In reaction to the Russian invasion of Ukraine, which has exacerbated global energy costs, the Biden administration recently agreed to increase U.S. exports of natural gas to help European countries wean off their dependence on Russian fuels. Increasing exports would also likely mean building new fossil fuel infrastructure, which many environmentalists fear will only deepen the nation’s dependence on the industry at a time when scientists say the world needs to be moving toward renewable energy instead.

Until politicians start taking those threats seriously, Kalmus said, he’ll keep calling on other scientists to join the cause, including putting themselves at risk of arrest for civil disobedience. “This is bigger than any one of us, it’s bigger than our careers. It’s bigger than our lives,” he said. “I know there are a lot more scientists out there who are starting to think that they need to take a stand.”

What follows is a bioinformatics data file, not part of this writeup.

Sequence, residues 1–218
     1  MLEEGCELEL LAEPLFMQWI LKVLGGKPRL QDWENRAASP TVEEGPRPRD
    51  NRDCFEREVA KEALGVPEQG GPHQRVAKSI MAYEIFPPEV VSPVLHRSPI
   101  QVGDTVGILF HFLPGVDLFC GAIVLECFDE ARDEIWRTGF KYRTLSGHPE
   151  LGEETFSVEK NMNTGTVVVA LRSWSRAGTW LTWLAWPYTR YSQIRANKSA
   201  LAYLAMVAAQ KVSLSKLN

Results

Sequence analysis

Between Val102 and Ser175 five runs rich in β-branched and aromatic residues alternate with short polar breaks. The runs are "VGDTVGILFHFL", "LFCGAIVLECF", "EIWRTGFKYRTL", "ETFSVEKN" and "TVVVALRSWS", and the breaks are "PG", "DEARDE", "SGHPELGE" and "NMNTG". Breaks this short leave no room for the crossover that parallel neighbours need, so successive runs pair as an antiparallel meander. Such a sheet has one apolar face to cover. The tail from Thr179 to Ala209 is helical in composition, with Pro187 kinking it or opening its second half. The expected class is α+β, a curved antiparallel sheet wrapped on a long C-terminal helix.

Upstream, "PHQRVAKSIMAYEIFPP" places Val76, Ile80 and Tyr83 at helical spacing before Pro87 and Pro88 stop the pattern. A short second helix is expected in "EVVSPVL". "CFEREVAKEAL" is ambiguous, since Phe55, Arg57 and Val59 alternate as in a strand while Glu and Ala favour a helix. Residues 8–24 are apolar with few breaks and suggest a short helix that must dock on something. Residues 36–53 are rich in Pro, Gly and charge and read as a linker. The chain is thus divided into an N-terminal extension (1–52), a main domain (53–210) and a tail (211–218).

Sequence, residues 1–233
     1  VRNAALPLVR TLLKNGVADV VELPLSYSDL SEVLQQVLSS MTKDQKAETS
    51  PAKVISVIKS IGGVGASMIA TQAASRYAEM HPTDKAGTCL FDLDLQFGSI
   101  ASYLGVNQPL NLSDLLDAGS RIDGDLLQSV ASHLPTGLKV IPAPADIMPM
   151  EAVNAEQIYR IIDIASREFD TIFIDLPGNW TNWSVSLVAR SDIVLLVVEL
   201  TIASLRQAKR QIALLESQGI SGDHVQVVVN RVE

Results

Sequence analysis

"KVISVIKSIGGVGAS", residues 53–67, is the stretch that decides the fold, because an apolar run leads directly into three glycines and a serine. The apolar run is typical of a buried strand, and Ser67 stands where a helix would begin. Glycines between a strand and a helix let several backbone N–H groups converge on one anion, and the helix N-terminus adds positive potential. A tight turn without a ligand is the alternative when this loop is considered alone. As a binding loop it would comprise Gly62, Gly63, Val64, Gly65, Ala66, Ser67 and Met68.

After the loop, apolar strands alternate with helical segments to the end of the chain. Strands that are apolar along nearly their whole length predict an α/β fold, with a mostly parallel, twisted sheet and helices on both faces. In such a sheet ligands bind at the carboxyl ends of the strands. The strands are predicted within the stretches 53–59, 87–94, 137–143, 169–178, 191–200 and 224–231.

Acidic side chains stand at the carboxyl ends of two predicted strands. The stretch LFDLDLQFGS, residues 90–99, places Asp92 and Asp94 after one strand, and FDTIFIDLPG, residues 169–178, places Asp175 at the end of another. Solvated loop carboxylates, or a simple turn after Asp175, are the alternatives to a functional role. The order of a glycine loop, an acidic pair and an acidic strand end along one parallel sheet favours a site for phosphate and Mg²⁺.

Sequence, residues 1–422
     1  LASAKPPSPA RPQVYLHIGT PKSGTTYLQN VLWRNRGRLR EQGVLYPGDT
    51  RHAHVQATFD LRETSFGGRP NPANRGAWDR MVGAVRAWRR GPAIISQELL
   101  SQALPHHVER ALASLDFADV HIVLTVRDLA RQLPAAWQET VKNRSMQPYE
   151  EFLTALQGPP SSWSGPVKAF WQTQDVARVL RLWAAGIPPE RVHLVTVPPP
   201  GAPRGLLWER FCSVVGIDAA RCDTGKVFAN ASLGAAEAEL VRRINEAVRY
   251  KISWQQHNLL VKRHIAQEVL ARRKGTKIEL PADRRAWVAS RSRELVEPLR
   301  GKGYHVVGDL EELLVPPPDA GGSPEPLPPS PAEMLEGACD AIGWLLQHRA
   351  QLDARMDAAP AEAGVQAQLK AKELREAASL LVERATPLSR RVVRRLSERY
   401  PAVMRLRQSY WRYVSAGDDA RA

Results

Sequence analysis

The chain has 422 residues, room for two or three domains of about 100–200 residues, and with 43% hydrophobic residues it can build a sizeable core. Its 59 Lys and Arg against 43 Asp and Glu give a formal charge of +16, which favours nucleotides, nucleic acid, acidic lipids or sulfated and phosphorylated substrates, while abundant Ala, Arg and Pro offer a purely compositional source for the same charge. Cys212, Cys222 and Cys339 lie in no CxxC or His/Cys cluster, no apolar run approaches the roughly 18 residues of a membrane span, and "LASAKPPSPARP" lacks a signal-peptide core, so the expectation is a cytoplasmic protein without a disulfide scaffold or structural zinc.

Thanks for reading Today’s Climate. I’ll be back in your inbox on Friday.

Today’s Indicator

74 percent

That’s the percentage of worldwide ecological damage that can be attributed to wealthy nations due to their share and use of global resources, says a new report published in the journal Lancet Planetary Health.

Safety flame flares out of the the barge extracting methane gas on Lake Kivu, at the Kivuwatt power plant in Kibuye, Karongi District, in the Western Province of Rwanda, on Nov. 1, 2021. -Credit: Simon Maina/AFP via Getty Images
Safety flame flares out of the the barge extracting methane gas on Lake Kivu, at the Kivuwatt power plant in Kibuye, Karongi District, in the Western Province of Rwanda, on Nov. 1, 2021. -Credit: Simon Maina/AFP via Getty Images